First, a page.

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July 04, 2011


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Laura V. Rodriguez

Thank you so much, Tom, for providing such a comprehensive explanation. You have definitely educated me! I have only read the first 40 pages of so of Transcendence. I did take an official TM course way back in 1973 as a high school senior. It's possible that since I do not recall having taken a refresher that I may have forgotten some vital aspects of the TM practice. I do remember the sessions with the TM trainer at the time - the type of room I was in. But, I don't recall some of the explanation you have provided. Of course, during the past 38 years, the instruction has likely been expanded. A few years after I took TM, I stumbled across Benson's books and also heard him speak here in Washington, DC in 1988. I guess the only basis for my comment about TM and the Relaxation resonse seeming to be the same was that when I did the Relaxation response as described in his book, I "felt" a similar type of "alpha" state that I experienced with TM. And, if I used a phrase from scripture that I particularly liked, I felt the same sense of effortlessness and I think, of transcendence. In the past few days since I have meditating more consistently, it has been bliss. Clearly, I need to explore this further and I look forward to reading more of the book. I am especially interested in investigating TM for my 14-year old son who has challenges with focusing in the school classroom and in tackling his homework. I will create another post and include your comments. I will also check into some programs soon at the Bethesda TM center.

Thanks again for the wealth of information you have provided me!

Laura Venecia Rodriguez

Tom Ball

Hi Laura. Thanks for your succinct writeup of Norman Rosenthal's new book. Your book also sounds interesting.

You bring up an interesting and important point: is the relaxation response technique, developed by Benson, "identical" to the Transcendental Meditation technique? The TM technique was introduced by Maharishi in 1955 -- revived from an ancient tradition of meditation after being lost to society, even in India, for centuries.

I've been teaching TM for many years and would like to note some of the differences between the techniques, from my perspective. Aside from their origins, there are many ways to contrast the two practices. Perhaps most important, they are very different when you look at the instructions on how to meditate (even though Benson tried to model his technique after TM). When one learns TM, one takes a comprehensive course that includes gaining an understanding of the mechanism of "transcending," which is something that Benson doesn't talk about.

Benson's technique asks that you keep your mantra (usually the word "one") in step with your breathing. In TM, one does not associate the mantra with the breathing because this would involve some control or effort, and TM is based on effortlessness. Associating the mantra with the breath would also keep attention active on the surface, disallowing the deeper rest gained through TM practice. With TM, there are many subtle differences regarding how one is instructed to use the mantra, which naturally make a difference in the experience and the outcome of daily practice.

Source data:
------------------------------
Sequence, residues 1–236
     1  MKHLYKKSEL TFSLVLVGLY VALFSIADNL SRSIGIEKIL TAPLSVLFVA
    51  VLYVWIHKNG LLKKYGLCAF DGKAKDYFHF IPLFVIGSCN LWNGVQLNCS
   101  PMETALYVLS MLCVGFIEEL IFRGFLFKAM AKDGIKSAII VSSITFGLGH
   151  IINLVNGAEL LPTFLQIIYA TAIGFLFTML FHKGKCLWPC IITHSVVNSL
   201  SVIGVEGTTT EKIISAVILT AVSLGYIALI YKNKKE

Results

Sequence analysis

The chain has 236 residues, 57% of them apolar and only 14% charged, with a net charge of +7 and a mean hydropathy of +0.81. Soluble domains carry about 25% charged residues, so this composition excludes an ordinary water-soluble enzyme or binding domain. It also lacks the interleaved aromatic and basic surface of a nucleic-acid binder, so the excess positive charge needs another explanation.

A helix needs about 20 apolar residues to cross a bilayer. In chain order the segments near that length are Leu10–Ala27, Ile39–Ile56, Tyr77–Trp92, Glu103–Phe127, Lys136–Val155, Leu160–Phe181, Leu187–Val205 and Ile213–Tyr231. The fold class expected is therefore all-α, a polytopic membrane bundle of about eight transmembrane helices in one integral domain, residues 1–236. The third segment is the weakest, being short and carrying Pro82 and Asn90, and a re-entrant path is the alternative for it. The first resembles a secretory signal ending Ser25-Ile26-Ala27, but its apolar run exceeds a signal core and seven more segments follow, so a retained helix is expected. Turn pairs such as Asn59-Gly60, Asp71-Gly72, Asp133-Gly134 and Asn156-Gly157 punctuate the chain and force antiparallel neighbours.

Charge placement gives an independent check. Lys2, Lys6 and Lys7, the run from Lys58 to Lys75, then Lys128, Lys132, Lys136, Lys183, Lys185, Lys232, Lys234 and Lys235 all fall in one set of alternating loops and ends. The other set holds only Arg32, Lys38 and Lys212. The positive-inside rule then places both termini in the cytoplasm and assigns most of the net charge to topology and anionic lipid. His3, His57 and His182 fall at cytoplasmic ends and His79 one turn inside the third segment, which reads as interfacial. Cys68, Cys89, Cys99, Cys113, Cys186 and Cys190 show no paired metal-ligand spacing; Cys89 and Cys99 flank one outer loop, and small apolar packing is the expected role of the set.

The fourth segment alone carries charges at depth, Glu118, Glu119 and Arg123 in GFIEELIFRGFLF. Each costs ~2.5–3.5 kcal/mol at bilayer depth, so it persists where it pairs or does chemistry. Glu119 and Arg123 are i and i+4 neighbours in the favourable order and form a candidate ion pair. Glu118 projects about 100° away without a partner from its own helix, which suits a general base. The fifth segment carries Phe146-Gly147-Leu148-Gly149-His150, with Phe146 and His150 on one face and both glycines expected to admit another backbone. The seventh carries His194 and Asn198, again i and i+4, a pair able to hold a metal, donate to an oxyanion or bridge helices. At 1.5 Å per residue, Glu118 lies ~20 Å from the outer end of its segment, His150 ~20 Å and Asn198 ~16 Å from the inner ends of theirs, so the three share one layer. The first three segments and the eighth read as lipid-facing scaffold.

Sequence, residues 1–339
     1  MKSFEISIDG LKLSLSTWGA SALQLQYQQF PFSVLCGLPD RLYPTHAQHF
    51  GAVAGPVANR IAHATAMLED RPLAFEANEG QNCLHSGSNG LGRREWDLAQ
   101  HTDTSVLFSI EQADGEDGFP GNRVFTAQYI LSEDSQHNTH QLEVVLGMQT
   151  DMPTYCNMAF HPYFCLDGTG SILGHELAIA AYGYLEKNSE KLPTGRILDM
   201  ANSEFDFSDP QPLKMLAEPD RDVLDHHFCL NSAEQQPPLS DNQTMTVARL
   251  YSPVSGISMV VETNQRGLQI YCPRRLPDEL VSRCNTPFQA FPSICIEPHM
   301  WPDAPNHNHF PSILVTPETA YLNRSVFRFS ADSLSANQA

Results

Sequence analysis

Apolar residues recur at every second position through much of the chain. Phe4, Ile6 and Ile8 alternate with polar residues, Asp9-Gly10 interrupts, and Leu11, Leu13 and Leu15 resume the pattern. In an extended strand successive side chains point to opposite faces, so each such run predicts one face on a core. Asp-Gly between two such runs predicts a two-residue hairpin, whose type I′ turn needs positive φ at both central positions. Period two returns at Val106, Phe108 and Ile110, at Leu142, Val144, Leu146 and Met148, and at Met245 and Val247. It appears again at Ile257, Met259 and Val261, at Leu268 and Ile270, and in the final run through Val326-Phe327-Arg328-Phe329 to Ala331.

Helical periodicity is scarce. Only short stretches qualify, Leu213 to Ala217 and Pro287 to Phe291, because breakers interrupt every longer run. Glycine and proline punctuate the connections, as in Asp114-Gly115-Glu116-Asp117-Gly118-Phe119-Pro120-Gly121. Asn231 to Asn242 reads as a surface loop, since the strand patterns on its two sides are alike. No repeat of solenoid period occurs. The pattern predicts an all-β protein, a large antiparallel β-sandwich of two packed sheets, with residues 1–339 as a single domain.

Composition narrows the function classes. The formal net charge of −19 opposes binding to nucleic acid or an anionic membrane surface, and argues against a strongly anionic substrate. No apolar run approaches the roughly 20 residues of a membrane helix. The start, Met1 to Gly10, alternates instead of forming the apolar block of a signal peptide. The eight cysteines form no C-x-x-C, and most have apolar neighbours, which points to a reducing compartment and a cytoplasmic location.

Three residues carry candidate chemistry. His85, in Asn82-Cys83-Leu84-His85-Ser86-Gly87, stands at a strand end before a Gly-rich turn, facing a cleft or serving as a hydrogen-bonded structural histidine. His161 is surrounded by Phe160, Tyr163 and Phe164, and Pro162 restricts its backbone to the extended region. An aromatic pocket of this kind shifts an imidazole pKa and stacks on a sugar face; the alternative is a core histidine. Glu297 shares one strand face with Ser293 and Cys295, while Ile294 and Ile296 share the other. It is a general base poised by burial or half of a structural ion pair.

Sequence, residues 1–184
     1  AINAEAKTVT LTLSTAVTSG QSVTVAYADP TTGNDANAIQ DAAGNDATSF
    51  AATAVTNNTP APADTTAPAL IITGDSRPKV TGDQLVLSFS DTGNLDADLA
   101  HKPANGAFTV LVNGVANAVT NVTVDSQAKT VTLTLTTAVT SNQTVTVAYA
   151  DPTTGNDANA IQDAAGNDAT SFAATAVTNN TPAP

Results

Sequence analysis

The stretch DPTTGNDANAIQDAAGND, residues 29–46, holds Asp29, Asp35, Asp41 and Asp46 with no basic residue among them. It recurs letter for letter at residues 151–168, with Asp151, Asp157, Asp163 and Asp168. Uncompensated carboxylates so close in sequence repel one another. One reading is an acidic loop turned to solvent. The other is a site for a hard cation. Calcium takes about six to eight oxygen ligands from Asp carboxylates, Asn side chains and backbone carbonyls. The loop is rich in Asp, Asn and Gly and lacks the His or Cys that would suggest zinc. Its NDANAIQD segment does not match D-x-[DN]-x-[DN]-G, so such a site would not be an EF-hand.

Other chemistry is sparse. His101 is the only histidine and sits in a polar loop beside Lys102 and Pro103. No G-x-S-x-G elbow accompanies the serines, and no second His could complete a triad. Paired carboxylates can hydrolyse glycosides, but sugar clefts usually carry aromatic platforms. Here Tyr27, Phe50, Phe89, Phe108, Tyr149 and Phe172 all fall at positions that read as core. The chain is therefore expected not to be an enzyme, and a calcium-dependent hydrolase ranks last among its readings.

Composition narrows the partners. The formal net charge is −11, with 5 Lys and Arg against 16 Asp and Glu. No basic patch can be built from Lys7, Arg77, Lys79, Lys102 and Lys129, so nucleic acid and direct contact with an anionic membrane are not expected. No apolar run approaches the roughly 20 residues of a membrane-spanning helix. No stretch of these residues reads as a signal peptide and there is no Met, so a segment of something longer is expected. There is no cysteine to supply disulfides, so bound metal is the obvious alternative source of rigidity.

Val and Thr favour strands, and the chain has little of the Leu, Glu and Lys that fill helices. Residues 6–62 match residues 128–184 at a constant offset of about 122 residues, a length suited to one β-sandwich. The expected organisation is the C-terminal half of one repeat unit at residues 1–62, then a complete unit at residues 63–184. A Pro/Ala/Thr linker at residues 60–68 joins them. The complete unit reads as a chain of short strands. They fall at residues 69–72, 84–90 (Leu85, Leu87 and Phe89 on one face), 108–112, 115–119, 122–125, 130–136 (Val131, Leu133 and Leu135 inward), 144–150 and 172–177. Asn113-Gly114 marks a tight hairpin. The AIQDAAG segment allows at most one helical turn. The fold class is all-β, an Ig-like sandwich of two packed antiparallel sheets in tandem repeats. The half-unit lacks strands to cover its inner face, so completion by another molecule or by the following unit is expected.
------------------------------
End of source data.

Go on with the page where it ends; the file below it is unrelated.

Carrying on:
Of course, in TM, great importance is placed on the effect of the sound, the mantra. In the ancient traditions of meditation, sound itself is known to have a tangible effect on mind and body, and the effects of the TM mantras are known to be harmonizing and life-supportive. The sound serves as a vehicle for transcending.

TM is designed for transcending, for going beyond thinking and sensations to experience the state of pure awareness. This is also known as the state of yoga (yoga, of course, means union, and refers to the individual, active mind settling inward, beyond thinking, to this state of transcendence).

During this transcending process, one does experience deep relaxation, but scores of studies show that the mind-body state produced by TM is neurophysiologically distinct from the state produced by the relaxation response. The measured changes in respiration rate, oxygen consumption, cortisol, plasma lactate, skin resistance, heart rate and other factors, during TM, exceed the levels of rest recorded by Benson himself in studies on the relaxation response.

Benson's hypothesis, that there is a general meditative state produced by the different meditation practices, was actually never substantiated by research. The theory gained some popularity in the 1970s, but now meditation researchers know that different meditation techniques produce very different effects on mind, body and behavior. For example, during Benson's technique, EEG coherence has never been recorded in any published studies. We see a mix of brainwaves, mostly mid-range alpha, with some beta and gamma, during the relaxation response, and the alpha is generally of the same sort seen during ordinary eyes-closed relaxation. During mindfulness we see theta, and during concentration, gamma. During TM practice, there is high amplitude alpha and consistent EEG coherence in the prefrontal cortex and spreading throughout the brain. For more on the measured distinctions between TM and the relaxation response, please see: http://meditationasheville.blogspot.com/2011/03/transcendental-meditation-technique-and.html

In his book, Dr. Rosenthal explains the differences between TM and ordinary relaxation (and Benson's technique). The distinctions are most striking in the realm of daily benefits. It is the process of transcending that Dr. Rosenthal finds so life transforming, not the relaxation response. The research on TM shows a range of effects not seen on any other practice.

Thanks for allowing me to explain.

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